That, and Cleveland should almost always pair him with a traditional point guard when the games actually matter. At least until he's more comfortable as a shot creator. Since right now having either Rubio or Darius Garland instead of Isaac Okoro, Brodric Thomas or Jaylen Hands will make Mobley's life so much easier. Things have looked rough at times for Mobley while out on offense but there are still promising signs of what's to come.

At times against the Rockets and Magic, Mobley made it clear why he was considered a top player in this year's draft class. He almost ended Jalen Green's career when trying to dunk on him in the post and looked for shots from beyond the arc as well (he went 1-5 on his three-point attempts). Mobley glid to the rim with relative ease, looking like a seasoned guard and also went up with force, looking like a traditional seven-footer as both a lob threat and in the pick and roll. Even though he didn't take a ton of shots (32 combined in Cleveland's first two Summer League games), Mobley showcased a multifaceted offensive repertoire for the Cavaliers which is promising for the future.

Mobley's versatility doesn't just fall on the offensive side of the ball, he also showcased it on defense as well. In Cleveland's contest against the Rockets, Mobley went from guarding Alperen Sengun in the post to switching to Josh Christopher on the perimeter on multiple possessions. Whenever that happened, Mobley didn't look flustered whatsoever. That's rare for any NBA player, especially a rookie.

But, Mobley seems to be a different kind of rookie. Personally, the term unicorn is thrown around far too often for players that do not fit traditional NBA paradigms. More often than not, it feels like a lazy comparison but with Mobley, it doesn't. Much like a unicorn, Mobley is a true one-of-a-kind player with a unique skill set that will only blossom the more times he spends honing his craft at the NBA level. Thankfully, this unicorn isn't based in fairytales but instead is based in Cleveland.

Lamar Stevens could be the real deal?

An area of concern for Cleveland heading into next season is their wing depth or lack thereof. Other than Isaac Okoro or Cedi Osman or Dylan Windler when healthy, things are pretty barebones on the perimeter for the Cavaliers. Especially after they traded Taurean Prince to the Timberwolves to acquire Ricky Rubio. According to sources, Cleveland is remaining active in trade discussions to add wing depth to their roster and can also sign a cheaper free agent option like Alfonzo McKinnie.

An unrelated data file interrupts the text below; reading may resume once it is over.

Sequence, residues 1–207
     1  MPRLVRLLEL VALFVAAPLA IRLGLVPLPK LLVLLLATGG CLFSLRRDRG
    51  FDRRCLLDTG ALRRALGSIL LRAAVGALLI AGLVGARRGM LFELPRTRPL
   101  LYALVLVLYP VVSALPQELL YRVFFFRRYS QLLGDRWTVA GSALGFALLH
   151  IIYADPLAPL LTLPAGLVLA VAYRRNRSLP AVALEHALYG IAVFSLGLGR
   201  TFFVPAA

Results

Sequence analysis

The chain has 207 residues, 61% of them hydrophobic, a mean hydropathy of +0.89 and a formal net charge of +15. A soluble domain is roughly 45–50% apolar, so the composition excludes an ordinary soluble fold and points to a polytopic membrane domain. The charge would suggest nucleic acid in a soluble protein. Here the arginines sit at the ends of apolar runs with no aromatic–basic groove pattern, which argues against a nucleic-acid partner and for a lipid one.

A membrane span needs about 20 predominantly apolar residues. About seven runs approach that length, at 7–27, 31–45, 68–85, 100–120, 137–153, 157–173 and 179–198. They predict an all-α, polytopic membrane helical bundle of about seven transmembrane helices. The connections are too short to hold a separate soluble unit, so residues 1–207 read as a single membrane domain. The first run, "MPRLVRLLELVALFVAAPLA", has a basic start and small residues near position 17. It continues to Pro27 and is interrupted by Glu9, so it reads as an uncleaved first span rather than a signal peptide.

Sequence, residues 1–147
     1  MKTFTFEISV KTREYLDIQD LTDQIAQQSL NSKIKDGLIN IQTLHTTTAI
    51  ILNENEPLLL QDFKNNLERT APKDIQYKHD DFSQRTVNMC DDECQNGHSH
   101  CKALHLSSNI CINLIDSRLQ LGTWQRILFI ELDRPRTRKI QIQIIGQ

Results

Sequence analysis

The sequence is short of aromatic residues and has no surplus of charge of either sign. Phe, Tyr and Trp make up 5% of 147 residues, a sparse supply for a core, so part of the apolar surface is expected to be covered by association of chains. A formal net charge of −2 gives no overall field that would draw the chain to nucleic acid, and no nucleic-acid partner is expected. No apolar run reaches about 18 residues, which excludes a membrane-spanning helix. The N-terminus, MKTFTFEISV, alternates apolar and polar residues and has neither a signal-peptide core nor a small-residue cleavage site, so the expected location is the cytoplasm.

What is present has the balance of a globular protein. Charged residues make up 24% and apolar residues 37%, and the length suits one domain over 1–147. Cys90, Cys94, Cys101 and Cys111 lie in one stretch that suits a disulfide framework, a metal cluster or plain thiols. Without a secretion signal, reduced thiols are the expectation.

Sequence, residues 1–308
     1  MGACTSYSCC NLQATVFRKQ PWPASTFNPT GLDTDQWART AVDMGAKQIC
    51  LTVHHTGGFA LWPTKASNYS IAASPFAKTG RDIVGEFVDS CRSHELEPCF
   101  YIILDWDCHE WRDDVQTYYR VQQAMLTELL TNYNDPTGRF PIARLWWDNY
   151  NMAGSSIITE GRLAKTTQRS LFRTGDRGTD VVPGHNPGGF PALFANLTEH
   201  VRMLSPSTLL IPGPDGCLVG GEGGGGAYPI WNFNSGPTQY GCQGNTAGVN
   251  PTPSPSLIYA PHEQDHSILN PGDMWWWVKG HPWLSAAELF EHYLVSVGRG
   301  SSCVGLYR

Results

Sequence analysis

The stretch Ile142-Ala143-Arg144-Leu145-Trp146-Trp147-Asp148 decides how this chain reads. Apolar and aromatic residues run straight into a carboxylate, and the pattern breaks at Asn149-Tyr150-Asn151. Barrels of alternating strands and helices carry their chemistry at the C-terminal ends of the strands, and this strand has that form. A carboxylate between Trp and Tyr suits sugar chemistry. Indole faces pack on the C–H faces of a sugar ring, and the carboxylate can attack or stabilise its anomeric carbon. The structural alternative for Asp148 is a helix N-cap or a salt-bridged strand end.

But, if nothing were to come to fruition, the Cavaliers do have a quality option already on their roster in Lamar Stevens. Stevens, who went undrafted last season out of Penn State and signed soon after with Cleveland, shared with the media before heading to Vegas that he wanted to make the most of the opportunity and earn minutes in next season's rotation.

Well, so far so good for Stevens who has looked strong in extra minutes, averaging 14.0 points, 8.0 rebounds, 1.0 assists, 0.5 steals and 1.5 blocks per game. If the Cavaliers fail to add any depth on the perimeter then Stevens will be in line to soak up reserve forward minutes behind both Okoro and Evan Mobley. Stevens's ability to be a versatile defensive option alongside Larry Nance Jr. at either forward position is a boost to chances as well.

The only thing holding Stevens back from truly taking the reigns is his lack of perimeter shooting. During his rookie season, the former Nittany Lion connected on a ghastly 16.0% of his three-point attempts. So far in Summer League play Stevens has hit 33.3% of his three total attempts. Stevens has to show Cleveland's coaching staff that he's fully capable of taking the next step. If not, he won't see more than his career average of 12.5 minutes per game for the Cavaliers next season.

Unlike Okoro or Mobley, there's a good chance Stevens plays the remainder of Cleveland's Summer League sleight. With those two out of the picture, head coach J.J. Outlaw will likely lean heavily on the former Penn State star to produce and carry the team. Based on how well he's played so far, there's a good chance Stevens shines. It'll be an interesting development to watch for the remainder of the team's time in Sin City.